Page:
For those with plantar fasciitis, bad knees or a sore back, trail running can be a real pain. For some bicycle riders, daily bike trips can cause pain in the lower back or neck. But we all love the trail and have a burning need to burn some calories. Fortunately, there’s a wide selection of personal transportation vehicles out there that are much easier on the body than some of the traditional trail transportation vehicles. One such vehicle is the 3G Stepper. Founded by Gary Silva, the 3G Stepper is a fun alternative to biking or trail running. It allows the rider to stand upright while pedaling the vehicle a bit like a bicycle.

Best on Paved Trails or Cement Trails

Although the 3G Stepper personal transportation vehicle can probably be ridden on packed gravel trails or even the road, it works best on asphalt trails or cement paths. I tried a 3G Stepper on the Huntington Beach Trail in Southern California, and it was love at first pedal. I hope to get the chance to demo the 3G Stepper in Colorado where it would be a big hit on such trails as Glenwood Canyon Trail or Platte River Trail near Denver. If any of you have had experience with personal transportation vehicles such as the 3G Stepper or any other stand up pedal vehicles, I’d love to hear about it in the comments below.


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May 03

Trail of the Couer d’ alenes rail-trail in Idaho »

Idaho Rail-Trails

trail bridge over lake coeur d' alene in northern idaho

trail bridge over lake

If there’s a rail-trail heaven, then it may be located in northern Idaho. Two of the greatest rail-trails on the planet are located there. One of them is the Route of the Hiawatha and the other is the Trail of the Couer d’ Alenes. These trails are very different from one another:

  • One is a paved trail and the other is a gravel trail.
  • One of them travels through tunnels and over trestles, while the other wanders a long a river and around and over a giant lake.
  • One of them is totally out in the boondocks while the other goes through small & large towns.
  • One of them is a fairly long trail and the other is an extremely long trail.

All differences aside, you really should do both of these trails… if possible in the same trip. Either one is worth a trip to Idaho. Put them both together and they’re possibly the greatest trail tandem in the world. Feel free to visit the Route of the Hiawatha page on trailsnet. Below you will find an excerpt from the Trail of the Coeur d’ alenes web page:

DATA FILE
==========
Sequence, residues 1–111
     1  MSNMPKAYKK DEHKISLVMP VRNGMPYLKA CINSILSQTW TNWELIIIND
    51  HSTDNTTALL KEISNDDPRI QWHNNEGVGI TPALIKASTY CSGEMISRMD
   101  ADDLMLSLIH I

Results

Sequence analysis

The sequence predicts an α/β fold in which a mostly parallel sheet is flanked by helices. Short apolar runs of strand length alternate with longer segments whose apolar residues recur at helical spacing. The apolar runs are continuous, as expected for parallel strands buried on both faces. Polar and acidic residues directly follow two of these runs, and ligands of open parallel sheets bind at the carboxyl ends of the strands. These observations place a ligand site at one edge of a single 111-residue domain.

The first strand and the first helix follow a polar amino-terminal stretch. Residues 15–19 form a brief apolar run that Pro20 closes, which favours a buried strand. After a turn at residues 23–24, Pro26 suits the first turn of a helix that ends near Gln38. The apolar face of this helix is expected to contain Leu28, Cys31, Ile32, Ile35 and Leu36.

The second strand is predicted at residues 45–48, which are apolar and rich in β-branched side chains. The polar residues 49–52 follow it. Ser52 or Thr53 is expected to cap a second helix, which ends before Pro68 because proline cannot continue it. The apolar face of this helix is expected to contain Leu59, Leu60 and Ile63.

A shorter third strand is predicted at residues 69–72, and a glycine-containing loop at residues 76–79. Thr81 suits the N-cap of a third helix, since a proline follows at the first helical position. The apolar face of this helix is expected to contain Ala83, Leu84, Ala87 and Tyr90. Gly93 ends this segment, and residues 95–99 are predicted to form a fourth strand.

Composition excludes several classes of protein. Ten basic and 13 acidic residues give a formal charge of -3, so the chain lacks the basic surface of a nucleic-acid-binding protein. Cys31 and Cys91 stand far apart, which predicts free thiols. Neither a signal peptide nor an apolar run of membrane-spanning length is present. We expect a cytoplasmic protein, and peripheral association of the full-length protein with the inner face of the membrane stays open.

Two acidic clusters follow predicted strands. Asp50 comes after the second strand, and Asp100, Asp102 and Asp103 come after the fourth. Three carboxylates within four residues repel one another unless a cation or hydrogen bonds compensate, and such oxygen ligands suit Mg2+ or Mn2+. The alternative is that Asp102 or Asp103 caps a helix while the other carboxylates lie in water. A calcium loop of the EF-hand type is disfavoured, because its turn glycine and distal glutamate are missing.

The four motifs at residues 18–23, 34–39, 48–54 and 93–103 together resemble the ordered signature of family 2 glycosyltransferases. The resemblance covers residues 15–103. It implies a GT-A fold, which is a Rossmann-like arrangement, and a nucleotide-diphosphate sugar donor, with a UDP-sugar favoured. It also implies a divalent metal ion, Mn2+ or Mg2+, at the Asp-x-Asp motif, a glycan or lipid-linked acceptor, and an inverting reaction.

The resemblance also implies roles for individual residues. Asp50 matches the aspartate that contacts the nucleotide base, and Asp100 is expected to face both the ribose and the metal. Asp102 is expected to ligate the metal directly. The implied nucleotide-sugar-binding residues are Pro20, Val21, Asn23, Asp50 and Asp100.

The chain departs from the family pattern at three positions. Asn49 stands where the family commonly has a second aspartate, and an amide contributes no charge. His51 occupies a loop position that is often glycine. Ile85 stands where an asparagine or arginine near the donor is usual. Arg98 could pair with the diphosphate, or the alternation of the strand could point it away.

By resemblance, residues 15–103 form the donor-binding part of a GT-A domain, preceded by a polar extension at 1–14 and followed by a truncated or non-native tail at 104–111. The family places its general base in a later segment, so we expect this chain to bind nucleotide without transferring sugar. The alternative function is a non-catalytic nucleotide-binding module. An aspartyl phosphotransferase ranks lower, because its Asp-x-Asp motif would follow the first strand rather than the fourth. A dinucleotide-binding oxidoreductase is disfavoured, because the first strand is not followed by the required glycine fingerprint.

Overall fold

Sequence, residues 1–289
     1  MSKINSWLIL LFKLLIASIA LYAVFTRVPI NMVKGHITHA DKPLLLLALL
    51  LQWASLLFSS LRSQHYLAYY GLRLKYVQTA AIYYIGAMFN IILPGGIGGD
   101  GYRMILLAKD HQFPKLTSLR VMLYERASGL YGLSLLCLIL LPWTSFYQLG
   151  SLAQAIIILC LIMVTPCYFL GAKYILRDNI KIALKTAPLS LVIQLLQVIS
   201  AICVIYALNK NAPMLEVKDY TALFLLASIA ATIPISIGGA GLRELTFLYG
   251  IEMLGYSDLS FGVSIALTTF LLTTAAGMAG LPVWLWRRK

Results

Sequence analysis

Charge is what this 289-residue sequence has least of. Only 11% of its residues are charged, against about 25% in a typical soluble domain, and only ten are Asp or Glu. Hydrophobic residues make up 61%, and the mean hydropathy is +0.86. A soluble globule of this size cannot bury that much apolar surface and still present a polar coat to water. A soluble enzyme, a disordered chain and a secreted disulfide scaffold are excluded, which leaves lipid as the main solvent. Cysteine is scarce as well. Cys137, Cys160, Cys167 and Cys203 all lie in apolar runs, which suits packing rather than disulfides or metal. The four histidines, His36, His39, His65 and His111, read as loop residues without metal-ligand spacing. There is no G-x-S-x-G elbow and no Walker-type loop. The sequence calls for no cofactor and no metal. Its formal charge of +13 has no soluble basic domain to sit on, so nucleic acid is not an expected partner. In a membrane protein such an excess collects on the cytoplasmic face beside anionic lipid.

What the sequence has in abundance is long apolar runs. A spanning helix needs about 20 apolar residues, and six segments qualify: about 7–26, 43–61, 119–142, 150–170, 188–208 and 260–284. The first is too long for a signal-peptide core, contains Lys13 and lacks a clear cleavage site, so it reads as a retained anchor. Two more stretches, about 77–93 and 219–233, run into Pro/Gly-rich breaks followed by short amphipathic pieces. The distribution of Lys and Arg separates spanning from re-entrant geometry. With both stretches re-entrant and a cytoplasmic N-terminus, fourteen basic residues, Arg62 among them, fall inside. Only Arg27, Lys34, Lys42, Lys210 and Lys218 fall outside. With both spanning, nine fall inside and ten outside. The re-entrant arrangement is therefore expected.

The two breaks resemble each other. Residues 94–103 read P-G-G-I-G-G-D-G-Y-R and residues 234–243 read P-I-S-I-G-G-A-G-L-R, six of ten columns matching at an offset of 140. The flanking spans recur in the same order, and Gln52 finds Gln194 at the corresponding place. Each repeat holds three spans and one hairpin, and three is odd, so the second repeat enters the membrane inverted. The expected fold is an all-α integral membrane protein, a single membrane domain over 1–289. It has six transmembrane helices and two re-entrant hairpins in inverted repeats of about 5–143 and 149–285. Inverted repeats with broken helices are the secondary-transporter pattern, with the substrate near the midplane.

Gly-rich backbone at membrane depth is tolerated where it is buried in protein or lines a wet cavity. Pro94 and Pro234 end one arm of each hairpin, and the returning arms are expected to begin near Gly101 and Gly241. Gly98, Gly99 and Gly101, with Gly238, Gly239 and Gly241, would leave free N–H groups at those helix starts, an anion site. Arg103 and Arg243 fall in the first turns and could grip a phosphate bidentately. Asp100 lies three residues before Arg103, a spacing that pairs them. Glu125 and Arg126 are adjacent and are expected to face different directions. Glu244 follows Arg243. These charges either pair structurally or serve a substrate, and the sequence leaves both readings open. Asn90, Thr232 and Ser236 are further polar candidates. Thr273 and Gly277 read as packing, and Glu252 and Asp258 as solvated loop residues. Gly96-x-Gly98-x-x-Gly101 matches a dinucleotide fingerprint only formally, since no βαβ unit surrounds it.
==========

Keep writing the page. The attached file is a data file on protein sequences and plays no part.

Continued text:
river trail in idaho

trail follows river

This perfectly paved piece of peaceful paradise is a powerful path to plenty.

Let’s list its assets: It’s long, smooth, scenic, uncrowded, plenty wide, accessible by numerous forms of human-powered transportation, set amidst forests, rivers, and a huge lake, and is planned to connect with numerous other incredible trails including the amazingRoute of the Hiawatha.

Eventually, energetic travelers will be able to pedal from near Missoula, Montana all the way to the Pacific Ocean via a network of trails that are already well on their way to completion. It will be trail nirvana.

via Trail of the Couer d’ alenes rail-trail in Idaho »

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May 01

Rails to Trails Conservancy Timeline

Sorry if this takes a long time to load. But it’s a nice timeline of the Rails-to-Trails Conservancy history.  You can also view it in flipbook, list, or maps format. For more information about Rails to Trails Conservancy, see the description below this timeline. Thanks to Jenifer G for creating and sharing this timeline.

Rails-to-Trails Conservancy on Dipity.

Rails-to-Trails Conservancy is a nonprofit organization based in Washington, D.C., whose mission it is to create a nationwide network of trails from former rail lines and connecting corridors to build healthier places for healthier people.

via Rails-to-Trails Conservancy Timeline.